Argue with slavery, or argue about it; argue about a sinking ship, or a drowning man, or a burning dwelling! Convince a sleeping family, when the staircase and roof are falling in, and the atmosphere is loaded to suffocation with smoke! “Address the understanding,” and “soothe the prejudices,” when you see a man walking down the roof in his sleep, on a three-story house! Bandy compliments and arguments with the somnambulist, on “Table Rock,” when all the waters of lake Superior are thundering in the great Horse Shoe, and deafening the very war of the elements! Would you not shout to him with a clap of thunder through a speaking trumpet — if you could command it — if possible to reach his senses in his appalling extremity? Did Jonah argufy with the city of Nineveh, — “Yet forty days,” cried the vagabond prophet, “and Nineveh shall be overthrown!” That was his salutation. And did the “property and standing” turn up their noses at him, and set the mob on to him? Did the clergy discountenance him, and call him extravagant, misguided, a divider of churches, a disturber of parishes? What would have become of that city, if they had done this? Did they “approve his principles,” but dislike his “measures and his “spirit?

Slavery must be cried down, denounced down, ridiculed down, and pro-slavery with it, or rather before it. Slavery will go when pro-slavery starts. The sheep will follow, when the bell-wether leads. Down then with the bloody system! out of the land with it, and out of the world with it — into the Red sea with it! Men shan't be enslaved in this country any longer. Women and children shan't be flogged here any longer. If you undertake to hinder us, the worst is your own. The press is ours. Demolish it, if you please, — muzzle it, you shall never. Shoot down the Lovejoys you can; and if your skirts are not red enough with his blood, dye them deeper with other murders. You can do it with entire impunity. You can get the dead indicted and tried along with you, and the jury will find you all not guilty together; and “public sentiment” will back you up, and say you had ample provocation. To be sure, you will not escape the vengeance of Heaven; but who cares for that, in a free and christian country? You will come to an untimely end; — but that, you know, is nothing to a judicious, well-regulated,” “christian spirit!” But this is all fanaticism. Wait and see.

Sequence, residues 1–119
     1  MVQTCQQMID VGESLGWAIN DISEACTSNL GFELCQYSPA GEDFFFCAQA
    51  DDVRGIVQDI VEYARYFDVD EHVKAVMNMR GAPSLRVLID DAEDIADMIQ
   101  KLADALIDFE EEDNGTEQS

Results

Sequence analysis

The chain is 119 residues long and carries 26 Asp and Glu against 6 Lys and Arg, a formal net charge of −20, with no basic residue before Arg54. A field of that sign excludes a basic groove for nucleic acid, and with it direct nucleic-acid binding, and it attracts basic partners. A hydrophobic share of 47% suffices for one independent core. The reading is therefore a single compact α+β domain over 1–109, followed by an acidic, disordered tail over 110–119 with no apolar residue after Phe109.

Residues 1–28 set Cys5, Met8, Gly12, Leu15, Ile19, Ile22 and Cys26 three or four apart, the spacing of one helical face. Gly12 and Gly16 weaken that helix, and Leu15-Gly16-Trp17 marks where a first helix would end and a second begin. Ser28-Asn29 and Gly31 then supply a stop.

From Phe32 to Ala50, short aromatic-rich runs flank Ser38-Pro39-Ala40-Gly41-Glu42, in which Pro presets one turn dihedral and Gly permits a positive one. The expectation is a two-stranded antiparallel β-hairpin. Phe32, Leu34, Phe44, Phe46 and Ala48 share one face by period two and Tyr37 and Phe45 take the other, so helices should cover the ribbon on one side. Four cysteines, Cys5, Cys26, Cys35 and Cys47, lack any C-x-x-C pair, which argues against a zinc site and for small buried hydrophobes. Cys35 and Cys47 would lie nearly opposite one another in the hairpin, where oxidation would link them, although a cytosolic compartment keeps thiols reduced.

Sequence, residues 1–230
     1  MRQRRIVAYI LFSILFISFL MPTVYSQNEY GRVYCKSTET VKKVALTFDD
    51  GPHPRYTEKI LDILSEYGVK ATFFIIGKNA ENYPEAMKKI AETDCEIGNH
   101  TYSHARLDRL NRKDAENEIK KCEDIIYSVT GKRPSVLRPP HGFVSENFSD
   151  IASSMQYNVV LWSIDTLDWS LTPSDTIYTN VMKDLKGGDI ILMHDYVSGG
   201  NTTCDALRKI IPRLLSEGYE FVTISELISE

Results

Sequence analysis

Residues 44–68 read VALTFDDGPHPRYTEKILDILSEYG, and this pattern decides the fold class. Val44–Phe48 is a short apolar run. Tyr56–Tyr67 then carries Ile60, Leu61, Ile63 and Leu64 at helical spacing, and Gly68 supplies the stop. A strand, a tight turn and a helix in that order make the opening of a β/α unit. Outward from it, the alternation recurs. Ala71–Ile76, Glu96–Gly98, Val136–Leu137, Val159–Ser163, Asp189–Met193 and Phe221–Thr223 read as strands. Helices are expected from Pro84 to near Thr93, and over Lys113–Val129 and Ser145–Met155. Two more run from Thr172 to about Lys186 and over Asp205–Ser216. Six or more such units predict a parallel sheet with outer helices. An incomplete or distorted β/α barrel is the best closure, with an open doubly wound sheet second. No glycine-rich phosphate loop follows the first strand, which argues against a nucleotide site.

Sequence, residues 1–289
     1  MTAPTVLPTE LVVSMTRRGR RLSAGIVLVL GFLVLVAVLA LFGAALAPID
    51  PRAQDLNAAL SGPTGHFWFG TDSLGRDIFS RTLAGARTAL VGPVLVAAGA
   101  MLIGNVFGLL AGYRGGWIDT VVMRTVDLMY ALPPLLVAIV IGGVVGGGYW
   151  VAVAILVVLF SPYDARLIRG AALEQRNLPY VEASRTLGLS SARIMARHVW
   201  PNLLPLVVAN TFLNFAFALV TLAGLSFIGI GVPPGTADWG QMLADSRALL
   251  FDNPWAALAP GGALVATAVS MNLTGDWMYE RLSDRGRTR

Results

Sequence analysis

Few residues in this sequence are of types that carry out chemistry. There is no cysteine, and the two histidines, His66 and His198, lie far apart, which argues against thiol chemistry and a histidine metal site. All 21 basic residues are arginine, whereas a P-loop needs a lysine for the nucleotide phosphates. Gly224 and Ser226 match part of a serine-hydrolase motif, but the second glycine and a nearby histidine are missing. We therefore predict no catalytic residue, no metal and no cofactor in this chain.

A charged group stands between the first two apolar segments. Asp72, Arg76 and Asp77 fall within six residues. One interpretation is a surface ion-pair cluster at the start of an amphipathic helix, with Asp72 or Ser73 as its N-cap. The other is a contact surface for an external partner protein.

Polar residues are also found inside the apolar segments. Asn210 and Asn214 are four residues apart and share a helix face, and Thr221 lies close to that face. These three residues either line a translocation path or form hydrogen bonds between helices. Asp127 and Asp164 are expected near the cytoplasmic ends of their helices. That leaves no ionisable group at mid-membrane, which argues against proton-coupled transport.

SOURCE: Collection from the Miscellaneous Writings of Nathaniel Peabody Rogers, Second Edition, p. 5-9 which states it was published in the Herald of Freedom of July 14, 1838.